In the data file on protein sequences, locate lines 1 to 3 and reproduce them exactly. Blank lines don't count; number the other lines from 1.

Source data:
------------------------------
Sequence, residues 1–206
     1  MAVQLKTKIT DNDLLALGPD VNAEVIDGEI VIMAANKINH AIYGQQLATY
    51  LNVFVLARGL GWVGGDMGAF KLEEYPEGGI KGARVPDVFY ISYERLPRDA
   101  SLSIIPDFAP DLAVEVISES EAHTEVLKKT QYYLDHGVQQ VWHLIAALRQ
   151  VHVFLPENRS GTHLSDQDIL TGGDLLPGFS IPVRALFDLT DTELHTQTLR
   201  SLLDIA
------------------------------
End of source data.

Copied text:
Sequence, residues 1–206
     1  MAVQLKTKIT DNDLLALGPD VNAEVIDGEI VIMAANKINH AIYGQQLATY
    51  LNVFVLARGL GWVGGDMGAF KLEEYPEGGI KGARVPDVFY ISYERLPRDA